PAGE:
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Explore Energy is a cross-campus effort of the Precourt Institute for Energy.

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Research Communication and Outreach

Alyssa Krull, Class of 2024, Energy Resources Engineering

This summer I joined Professor Mark Z. Jacobson’s research group, The Stanford Solutions Project, to focus on outreach related to clean and renewable energy. Professor Jacobson’s research and The Solutions Project plans the path towards 100% renewable energy by 2050 through wind-water-solar (WWS) energy mixes for 145 countries, all 50 states in the US, and 74 cities across the world. I was particularly excited to join this research project because of its focus on a macro-scale look on the transition to renewable energy. Not only does it provide a roadmap for countries to transition their economies to clean energy, but it also provides information on how much carbon emissions the roadmap would eliminate, and how many lives could be saved as a result of eliminating harmful air pollution from fossil fuel energy sources. I also liked the idea of working on the outreach aspect of this project. Scientific communication is a very important part of research, and I am interested in how to get the public and policymakers to listen to scientific research and recommendations, so I was excited to get the chance to work on that.

Stanford Solutions Project blog,

Since the beginning of the summer, I have been writing a weekly article for The Stanford Solutions Project blog. These articles are also shared on The Solutions Project’s Twitter (@Project100WWS) and Instagram (@StanfordSolutionsProject), where I have been able to see how the public interacts with these subjects on social media and which they find most interesting based on the likes, retweets, or “clicks” on the website. The articles focus on different energy topics each week, from a specific country’s clean energy transition plans to onshore wind energy or microgrids. I love writing, and I love learning about renewable energy policies and technology, so this project has proved to be the perfect mix of combining these passions. One of the articles that I enjoyed writing the most was about microgrids, and how they could have helped Stanford avoid its campus-wide blackout that lasted nearly four days in June. For this article, I got to interview Dan Sambor, a postdoctoral fellow in the Department of Civil and Environmental Engineering, Atmosphere/Energy at Stanford. I loved learning from an expert in the field and how his research could be applied to remote cities or even towns and campuses across the world. I was also able to gain insight into the greatest challenges facing this field, and how they can be overcome.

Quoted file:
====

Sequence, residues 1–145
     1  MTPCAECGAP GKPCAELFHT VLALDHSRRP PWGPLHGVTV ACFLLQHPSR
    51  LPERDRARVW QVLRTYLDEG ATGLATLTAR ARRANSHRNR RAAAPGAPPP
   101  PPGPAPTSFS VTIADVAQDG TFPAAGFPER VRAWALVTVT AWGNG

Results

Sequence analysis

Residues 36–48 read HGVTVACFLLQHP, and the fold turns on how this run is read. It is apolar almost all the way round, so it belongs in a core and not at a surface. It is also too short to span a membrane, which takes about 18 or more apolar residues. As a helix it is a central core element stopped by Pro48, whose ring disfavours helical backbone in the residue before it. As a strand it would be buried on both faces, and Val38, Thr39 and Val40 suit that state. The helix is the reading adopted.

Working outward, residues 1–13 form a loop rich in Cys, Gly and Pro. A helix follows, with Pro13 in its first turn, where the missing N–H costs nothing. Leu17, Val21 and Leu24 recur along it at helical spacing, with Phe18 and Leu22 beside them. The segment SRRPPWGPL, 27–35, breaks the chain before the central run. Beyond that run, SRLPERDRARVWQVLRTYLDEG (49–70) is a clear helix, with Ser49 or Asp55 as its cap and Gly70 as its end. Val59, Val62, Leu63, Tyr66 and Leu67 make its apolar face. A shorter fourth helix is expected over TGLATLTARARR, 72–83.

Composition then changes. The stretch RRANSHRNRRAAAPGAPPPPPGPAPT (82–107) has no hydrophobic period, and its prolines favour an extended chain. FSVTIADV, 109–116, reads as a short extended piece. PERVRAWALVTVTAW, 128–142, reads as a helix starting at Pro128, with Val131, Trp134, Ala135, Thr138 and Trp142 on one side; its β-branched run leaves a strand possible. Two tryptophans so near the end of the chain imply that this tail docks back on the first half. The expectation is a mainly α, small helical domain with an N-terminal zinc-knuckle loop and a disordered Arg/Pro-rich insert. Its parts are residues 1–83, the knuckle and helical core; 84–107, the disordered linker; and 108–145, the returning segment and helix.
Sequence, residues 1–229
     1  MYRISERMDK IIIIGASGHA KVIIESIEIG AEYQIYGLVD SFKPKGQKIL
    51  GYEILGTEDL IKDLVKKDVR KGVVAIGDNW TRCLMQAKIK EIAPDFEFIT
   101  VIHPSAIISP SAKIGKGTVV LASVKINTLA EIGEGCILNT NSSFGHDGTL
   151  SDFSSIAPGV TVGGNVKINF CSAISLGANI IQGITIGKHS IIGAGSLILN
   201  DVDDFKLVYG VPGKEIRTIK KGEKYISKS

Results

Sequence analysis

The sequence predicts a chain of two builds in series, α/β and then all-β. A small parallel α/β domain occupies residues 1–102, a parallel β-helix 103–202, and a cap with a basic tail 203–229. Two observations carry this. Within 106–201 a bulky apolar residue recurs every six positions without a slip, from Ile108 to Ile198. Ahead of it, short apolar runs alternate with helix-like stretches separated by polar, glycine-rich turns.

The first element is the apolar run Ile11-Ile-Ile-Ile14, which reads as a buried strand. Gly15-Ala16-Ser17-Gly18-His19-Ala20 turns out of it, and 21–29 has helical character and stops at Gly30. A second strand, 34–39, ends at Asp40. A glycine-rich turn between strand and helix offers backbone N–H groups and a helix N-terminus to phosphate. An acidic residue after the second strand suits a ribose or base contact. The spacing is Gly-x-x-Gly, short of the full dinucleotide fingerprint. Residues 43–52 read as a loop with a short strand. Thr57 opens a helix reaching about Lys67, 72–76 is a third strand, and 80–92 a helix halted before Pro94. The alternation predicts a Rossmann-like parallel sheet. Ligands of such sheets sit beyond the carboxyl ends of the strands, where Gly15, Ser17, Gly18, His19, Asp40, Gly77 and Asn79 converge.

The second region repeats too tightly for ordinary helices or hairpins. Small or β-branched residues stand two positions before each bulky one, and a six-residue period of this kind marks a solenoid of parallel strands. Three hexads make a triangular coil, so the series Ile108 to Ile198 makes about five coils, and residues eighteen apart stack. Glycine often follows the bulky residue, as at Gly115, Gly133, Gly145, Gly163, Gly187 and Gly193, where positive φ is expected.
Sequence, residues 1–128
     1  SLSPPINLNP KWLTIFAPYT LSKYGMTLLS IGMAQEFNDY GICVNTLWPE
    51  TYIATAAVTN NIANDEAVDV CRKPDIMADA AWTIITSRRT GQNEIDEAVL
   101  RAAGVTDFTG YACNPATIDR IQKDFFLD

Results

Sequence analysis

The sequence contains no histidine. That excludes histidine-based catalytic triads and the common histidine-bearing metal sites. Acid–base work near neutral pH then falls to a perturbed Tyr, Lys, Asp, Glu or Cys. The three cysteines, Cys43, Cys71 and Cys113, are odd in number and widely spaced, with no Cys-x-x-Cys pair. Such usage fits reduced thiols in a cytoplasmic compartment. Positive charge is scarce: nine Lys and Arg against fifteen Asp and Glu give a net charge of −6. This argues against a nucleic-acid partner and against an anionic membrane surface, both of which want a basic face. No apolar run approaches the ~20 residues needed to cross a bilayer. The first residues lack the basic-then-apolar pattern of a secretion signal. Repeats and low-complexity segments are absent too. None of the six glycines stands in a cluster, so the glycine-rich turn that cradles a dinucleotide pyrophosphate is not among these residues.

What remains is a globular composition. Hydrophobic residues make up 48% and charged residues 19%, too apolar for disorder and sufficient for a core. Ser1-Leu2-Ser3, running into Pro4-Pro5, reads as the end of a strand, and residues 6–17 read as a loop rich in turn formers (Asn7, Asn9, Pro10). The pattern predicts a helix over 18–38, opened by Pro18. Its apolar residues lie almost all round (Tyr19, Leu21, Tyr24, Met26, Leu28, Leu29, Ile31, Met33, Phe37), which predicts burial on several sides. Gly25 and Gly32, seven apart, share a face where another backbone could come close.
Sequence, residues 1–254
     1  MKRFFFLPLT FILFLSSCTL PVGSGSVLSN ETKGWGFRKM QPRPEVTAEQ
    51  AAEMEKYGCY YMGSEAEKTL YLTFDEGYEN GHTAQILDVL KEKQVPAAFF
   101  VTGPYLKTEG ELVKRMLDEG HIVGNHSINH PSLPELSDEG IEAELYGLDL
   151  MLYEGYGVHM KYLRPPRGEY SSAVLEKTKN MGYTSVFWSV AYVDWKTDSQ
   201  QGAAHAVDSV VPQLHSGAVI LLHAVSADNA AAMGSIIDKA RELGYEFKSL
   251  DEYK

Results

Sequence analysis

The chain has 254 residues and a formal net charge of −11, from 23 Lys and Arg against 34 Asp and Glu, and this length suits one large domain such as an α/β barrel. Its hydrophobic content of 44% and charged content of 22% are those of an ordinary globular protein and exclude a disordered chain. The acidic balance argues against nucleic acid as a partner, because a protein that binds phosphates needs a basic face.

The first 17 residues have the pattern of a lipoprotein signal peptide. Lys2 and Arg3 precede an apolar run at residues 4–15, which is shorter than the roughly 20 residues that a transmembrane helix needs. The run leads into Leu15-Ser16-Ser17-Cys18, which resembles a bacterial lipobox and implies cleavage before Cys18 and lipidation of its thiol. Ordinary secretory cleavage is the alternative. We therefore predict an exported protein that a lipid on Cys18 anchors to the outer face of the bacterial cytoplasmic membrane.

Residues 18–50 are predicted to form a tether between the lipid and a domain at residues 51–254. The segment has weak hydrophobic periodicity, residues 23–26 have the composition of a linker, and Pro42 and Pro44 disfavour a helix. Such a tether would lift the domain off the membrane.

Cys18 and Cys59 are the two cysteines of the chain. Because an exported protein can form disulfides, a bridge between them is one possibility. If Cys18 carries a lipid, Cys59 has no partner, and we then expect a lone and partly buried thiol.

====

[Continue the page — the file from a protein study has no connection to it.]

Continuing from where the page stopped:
In addition to writing articles, I am creating infographics using Adobe Illustrator for The Solutions Project website. These infographics communicate the most important details of Professor Jacobson’s most recent research paper on the WWS-transition plans for 145 countries. Using the data from this paper, I have been creating an infographic for each country that summarizes this data. Prior to this summer, I had never used Illustrator, and so learning this new software has been very fun and interesting, albeit challenging at first. I think this will be an important skill to take with me in the future, especially in scientific communication. I hope that by creating these easy-to-understand and visually appealing infographics, the general public will be able to better understand what it takes to get to 100% renewables by 2050, and just how positive of an impact this can have for every country.

Infographic example: The WWS transition roadmap for Chile

Looking back, while this summer research project may be considered more unorthodox for its focus on writing and infographics as opposed to data science, lab work, or computer simulations, I have learned a lot about how best to communicate with the public about important scientific subjects, and how important that is as well. I would not have expected I could gain these skills from a STEM research group at Stanford, and I’m glad I did.